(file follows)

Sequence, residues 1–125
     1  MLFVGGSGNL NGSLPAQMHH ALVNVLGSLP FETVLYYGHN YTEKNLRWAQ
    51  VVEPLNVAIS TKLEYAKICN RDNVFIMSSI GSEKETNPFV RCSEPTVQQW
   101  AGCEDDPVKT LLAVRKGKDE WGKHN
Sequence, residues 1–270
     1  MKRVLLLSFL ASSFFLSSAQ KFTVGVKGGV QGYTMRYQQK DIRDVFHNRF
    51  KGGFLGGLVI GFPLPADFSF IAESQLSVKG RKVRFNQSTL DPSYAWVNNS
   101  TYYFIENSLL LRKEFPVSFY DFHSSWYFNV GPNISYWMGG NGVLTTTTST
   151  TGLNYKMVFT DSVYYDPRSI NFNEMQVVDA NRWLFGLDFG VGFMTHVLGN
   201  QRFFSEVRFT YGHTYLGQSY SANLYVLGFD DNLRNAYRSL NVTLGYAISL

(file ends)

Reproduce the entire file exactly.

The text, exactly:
Sequence, residues 1–125
     1  MLFVGGSGNL NGSLPAQMHH ALVNVLGSLP FETVLYYGHN YTEKNLRWAQ
    51  VVEPLNVAIS TKLEYAKICN RDNVFIMSSI GSEKETNPFV RCSEPTVQQW
   101  AGCEDDPVKT LLAVRKGKDE WGKHN
Sequence, residues 1–270
     1  MKRVLLLSFL ASSFFLSSAQ KFTVGVKGGV QGYTMRYQQK DIRDVFHNRF
    51  KGGFLGGLVI GFPLPADFSF IAESQLSVKG RKVRFNQSTL DPSYAWVNNS
   101  TYYFIENSLL LRKEFPVSFY DFHSSWYFNV GPNISYWMGG NGVLTTTTST
   151  TGLNYKMVFT DSVYYDPRSI NFNEMQVVDA NRWLFGLDFG VGFMTHVLGN
   201  QRFFSEVRFT YGHTYLGQSY SANLYVLGFD DNLRNAYRSL NVTLGYAISL